Personal Capital is an online personal finance tool that allows you to track all of your finances (budget, bank accounts, credit cards, and investments) all in one place. Best of all, it’s free!
The Benefits of Personal Capital
- It’s a convenient web-based tracking tool that you can access anywhere you have Internet service. Yes, this includes your smartphone, tablet, laptop, and computer. This is ideal for people who travel or people who want to have access to their information on multiple devices.
- Real-time updates. After opening a Personal Capital account, you’ll be asked to enter your information. You’ll activate online access with your bank accounts, credit card accounts, and investments. This allows Personal Capital to automatically update all of your information every time you sign into your account. There is no need for you to initiate an account sync as that happens automatically.
- Manage all your financial accounts in one place. As a Personal Capital user, you’ll see all your financial accounts and transactions in one easy-to-find account. This also makes it easy to keep up with your net worth.
- It’s free. Need I say more?
As you can see from the desktop image above, when you sign into your account, you’ll see all your accounts listed on the lefthand sidebar. Your financial accounts will be listed as:
- and Credit.
From the sidebar, you can quickly review your bank account balances, investment totals, and total credit card charges. You can see the numbers by account (for example, how much you owe Citi and Chase) or the total across all accounts.
This is a quick and convenient way to get an overall sense of your financial movements.
Using Personal Capital to Budget
Since Personal Capital automatically downloads every transaction from your credit cards and your bank, you’ll find it a useful tool for budgeting. However, if you usually spend money in cash, it will be a little bit more cumbersome to use this to budget. Once the transactions have posted, you’ll be able to assign an appropriate category (assuming the preassigned category isn’t correct). You’ll also be able to mark if an expense is business, medical, reimbursable, or tax related.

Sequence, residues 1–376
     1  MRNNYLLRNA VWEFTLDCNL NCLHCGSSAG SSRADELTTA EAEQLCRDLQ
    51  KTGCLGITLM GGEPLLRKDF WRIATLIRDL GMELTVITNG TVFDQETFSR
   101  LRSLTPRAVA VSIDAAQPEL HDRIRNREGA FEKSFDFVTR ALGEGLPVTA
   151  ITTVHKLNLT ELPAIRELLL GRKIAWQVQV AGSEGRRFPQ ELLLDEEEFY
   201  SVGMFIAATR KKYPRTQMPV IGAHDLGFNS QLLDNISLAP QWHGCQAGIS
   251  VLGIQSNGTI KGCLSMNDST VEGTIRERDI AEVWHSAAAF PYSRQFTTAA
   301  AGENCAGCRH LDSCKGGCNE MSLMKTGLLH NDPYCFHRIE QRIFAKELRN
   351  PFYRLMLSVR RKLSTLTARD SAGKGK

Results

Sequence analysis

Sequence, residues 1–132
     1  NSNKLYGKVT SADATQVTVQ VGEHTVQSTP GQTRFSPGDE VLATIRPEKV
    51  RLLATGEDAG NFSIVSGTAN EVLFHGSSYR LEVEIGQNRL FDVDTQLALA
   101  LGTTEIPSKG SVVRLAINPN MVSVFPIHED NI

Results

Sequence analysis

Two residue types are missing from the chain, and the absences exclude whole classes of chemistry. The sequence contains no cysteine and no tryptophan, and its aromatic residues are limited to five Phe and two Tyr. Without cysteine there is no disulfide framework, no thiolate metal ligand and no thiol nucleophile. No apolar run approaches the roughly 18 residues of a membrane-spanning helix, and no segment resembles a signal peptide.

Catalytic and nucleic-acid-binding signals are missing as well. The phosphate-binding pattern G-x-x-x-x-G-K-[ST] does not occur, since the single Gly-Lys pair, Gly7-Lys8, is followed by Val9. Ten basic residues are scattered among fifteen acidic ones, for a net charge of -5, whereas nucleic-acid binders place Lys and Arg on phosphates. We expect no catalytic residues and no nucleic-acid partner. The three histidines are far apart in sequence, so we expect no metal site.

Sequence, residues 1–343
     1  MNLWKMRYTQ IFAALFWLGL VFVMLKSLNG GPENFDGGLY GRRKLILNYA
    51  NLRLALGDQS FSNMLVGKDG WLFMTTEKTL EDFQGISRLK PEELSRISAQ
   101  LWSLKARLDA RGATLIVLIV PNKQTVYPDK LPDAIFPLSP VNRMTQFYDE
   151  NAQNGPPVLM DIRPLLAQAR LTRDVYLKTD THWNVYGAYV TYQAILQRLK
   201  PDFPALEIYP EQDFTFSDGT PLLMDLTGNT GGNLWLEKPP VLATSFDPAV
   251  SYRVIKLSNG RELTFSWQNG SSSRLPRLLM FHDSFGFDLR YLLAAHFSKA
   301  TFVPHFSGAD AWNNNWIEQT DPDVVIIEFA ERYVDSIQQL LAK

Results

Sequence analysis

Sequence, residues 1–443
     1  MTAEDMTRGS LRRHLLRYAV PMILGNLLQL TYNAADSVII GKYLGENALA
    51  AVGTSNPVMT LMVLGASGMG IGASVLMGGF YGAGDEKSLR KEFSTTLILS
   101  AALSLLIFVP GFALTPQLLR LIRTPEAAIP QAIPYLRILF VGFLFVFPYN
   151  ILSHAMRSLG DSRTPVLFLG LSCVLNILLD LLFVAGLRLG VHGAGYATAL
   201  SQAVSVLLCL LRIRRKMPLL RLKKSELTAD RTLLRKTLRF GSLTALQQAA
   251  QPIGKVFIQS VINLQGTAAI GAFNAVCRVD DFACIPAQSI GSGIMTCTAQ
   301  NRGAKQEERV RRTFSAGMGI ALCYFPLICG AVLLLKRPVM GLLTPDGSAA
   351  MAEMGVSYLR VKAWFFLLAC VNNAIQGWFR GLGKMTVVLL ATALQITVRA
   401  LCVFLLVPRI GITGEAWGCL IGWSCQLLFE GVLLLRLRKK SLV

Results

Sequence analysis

You’ll also be able to see what percentage of your budget you’re spending on each category within your budget.
The one main thing that’s missing (or I’m just not smart enough to find) is a way to manually enter cash transactions.
Using Personal Capital to Track Your Investments
Personal Capital shines when it comes to providing you with detailed analysis of your investments.
From the home page, you’ll be able to see your top performing investments (see sample to the right). Personal Capital will list your top gaining funds and the funds that have the greatest losses. For context, these will be published underneath a real time report giving you the S&P 500, Dow Jones, NASDAQ, and 10-year bond indexes.
With a click on the “Investments” tab on the navigation menu, you can see all your investments across all your accounts. You’ll be able to see the 30-day dollar movement within that account and the one-day dollar change.
If you want, Personal Capital will also provide an “Investment Checkup.” Using their own metrics, they’ll determine if you have the appropriate amounts in cash, international bonds, US bonds, international stocks, US stocks, and alternatives. You’ll be able to put your age, years to retirement, and risk tolerance. You’ll then see if you are above or below their recommendations for your holdings in each of the above category. Of course, if something is amiss and you want some feedback, you can contact your account advisor.
One helpful feature I’ve found is the “Investments Costs” page. Here you’ll be able to see exactly how much you’re projected to pay in fees for your investments. This helps you determine which funds have the highest expense ratios so you can see if the returns justify the higher fees.
Businesses are in business to make a profit (profound, I know). As a result, it’s valuable to know how a company can afford to fund such a project. The answer is not what you expect. Personal Capital doesn’t plaster their pages with advertising. In fact, if you want to find advertising, you have you work to find it. As an example, under the navigation menu for Banking, you’ll find a link to something called Savings. There you’ll see how your current interest rates compare to a leading US bank. You will have the opportunity to call Personal Capital to open a new bank account if you wish.
How Personal Capital Makes Money
When you sign up for a new Personal Capital account, you’ll be assigned an individual to serve as your representative as part of the Advisor Team. After opening your account, a Personal Capital representative will call you to see if you need any assistance with your finances and investments. This is a no-pressure call and if you say, “no thank you,” that is all the conversation will involve.
My Experience with Personal Capital
I’ve had my account for the last few months, and I primarily use it to get an overview of what is happening with all my financial accounts. It’s the easiest place where I can go to get an update on how all my investments are performing. I always prefer signing into one account instead of multiple accounts! And, it’s definitely a product I recommended in my Personal Capital review.
Since the account is free, there’s no risk to you to try and set up an account, play around, and see if the features are ones you’ll find valuable. I know I’m glad I took the time to sign up for Personal Capital.
Have you tried Personal Capital? Tell us your thoughts in the comments, or leave a question for the community!